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Abstract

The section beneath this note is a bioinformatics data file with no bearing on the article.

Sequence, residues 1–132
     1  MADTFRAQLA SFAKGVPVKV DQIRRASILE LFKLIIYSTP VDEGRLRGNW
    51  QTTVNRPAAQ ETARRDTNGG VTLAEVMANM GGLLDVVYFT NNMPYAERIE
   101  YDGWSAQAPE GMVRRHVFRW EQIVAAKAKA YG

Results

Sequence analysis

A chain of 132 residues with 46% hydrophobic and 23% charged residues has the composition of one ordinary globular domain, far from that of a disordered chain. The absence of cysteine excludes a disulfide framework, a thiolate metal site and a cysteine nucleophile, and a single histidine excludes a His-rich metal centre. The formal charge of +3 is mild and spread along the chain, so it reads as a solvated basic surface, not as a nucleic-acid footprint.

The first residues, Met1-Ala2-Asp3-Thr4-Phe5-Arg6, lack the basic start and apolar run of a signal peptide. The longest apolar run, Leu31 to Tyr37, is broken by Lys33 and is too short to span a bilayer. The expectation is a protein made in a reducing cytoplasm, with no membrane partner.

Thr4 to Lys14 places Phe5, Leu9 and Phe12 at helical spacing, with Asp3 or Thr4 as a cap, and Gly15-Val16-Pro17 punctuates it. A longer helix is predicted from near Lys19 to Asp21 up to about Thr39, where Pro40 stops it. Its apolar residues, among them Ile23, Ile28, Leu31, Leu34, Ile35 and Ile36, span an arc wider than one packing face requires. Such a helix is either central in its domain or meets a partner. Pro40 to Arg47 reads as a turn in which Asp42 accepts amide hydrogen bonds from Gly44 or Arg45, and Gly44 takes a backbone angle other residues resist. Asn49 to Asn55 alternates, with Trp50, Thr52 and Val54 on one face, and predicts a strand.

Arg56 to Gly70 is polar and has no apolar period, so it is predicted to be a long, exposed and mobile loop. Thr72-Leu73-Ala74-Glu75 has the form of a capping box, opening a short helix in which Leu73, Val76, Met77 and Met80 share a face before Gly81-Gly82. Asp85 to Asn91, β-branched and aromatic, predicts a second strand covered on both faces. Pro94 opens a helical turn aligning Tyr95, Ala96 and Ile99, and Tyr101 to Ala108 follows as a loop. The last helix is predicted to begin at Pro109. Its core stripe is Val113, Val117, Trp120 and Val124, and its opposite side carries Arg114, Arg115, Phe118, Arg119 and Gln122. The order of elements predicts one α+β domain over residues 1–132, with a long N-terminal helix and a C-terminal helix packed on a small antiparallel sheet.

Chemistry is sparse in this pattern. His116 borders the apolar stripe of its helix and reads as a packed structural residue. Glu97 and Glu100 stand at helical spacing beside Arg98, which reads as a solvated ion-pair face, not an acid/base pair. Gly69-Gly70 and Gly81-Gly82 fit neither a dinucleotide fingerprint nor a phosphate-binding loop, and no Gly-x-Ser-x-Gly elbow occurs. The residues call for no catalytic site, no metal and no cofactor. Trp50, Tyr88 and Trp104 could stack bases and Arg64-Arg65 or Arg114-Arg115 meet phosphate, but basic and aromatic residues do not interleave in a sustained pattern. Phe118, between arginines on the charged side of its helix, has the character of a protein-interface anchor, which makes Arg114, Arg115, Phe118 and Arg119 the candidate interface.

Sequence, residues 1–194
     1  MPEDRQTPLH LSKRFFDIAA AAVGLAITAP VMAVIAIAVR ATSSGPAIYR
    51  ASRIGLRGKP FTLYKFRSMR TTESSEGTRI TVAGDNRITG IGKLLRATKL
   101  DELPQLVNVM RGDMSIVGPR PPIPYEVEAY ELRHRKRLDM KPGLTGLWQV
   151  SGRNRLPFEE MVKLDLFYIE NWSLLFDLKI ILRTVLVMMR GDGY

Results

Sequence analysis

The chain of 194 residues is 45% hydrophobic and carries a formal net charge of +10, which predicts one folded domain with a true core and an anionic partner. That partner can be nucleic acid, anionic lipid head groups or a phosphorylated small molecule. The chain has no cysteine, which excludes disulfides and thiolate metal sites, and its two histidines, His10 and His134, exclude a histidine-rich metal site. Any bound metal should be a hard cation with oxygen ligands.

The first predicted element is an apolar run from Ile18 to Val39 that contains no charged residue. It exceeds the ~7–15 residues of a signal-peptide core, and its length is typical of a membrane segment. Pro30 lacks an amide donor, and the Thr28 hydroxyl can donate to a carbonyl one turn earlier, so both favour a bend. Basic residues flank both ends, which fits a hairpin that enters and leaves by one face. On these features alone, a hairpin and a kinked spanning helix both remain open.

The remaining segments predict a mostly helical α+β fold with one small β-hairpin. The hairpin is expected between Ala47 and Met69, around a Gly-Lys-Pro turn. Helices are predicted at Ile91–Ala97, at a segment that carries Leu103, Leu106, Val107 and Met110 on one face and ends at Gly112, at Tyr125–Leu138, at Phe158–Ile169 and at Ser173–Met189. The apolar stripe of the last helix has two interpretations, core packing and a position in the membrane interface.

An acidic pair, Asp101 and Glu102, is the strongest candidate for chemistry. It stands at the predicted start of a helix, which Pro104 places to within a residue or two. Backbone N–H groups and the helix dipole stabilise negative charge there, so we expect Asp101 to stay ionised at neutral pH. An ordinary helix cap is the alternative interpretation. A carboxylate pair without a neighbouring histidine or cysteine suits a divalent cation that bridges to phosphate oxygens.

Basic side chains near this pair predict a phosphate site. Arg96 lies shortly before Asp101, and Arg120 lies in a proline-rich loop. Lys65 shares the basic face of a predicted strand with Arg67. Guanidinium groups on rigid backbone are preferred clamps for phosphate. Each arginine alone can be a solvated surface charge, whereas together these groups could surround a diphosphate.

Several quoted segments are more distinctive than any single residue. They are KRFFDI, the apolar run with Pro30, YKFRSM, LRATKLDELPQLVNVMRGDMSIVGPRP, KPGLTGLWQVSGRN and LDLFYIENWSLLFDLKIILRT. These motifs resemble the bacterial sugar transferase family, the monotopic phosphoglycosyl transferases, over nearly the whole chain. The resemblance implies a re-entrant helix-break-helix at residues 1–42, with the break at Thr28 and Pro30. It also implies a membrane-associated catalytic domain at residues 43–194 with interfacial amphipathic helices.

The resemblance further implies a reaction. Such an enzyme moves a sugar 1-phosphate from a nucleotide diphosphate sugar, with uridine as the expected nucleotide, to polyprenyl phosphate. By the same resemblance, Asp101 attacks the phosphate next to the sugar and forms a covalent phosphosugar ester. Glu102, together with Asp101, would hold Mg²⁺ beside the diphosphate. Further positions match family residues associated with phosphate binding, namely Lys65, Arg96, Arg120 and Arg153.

New York City administers a real estate tax incentive program, called the J-51 program, for eligible building owners who rehabilitate existing structures. Despite the need for such a program, various problems and abuses arose, emphasizing the need for major reform. Economic conditions changed the housing market and the tax incentives demonstrated several deleterious effects which contravene the original legislative intent of the program. After long negotiations surrounding several competing arguments, reforms were made. The current revisions were necessary to correct the abuses and to return the program to its original purpose of providing adequate housing for moderate and lower income families. This goal may be realized by eliminating the award of financial incentives for rehabilitation work performed in specified geographic areas and for the benefit of economic groups for which this type of assistance cannot be justified by considerations of social policy.

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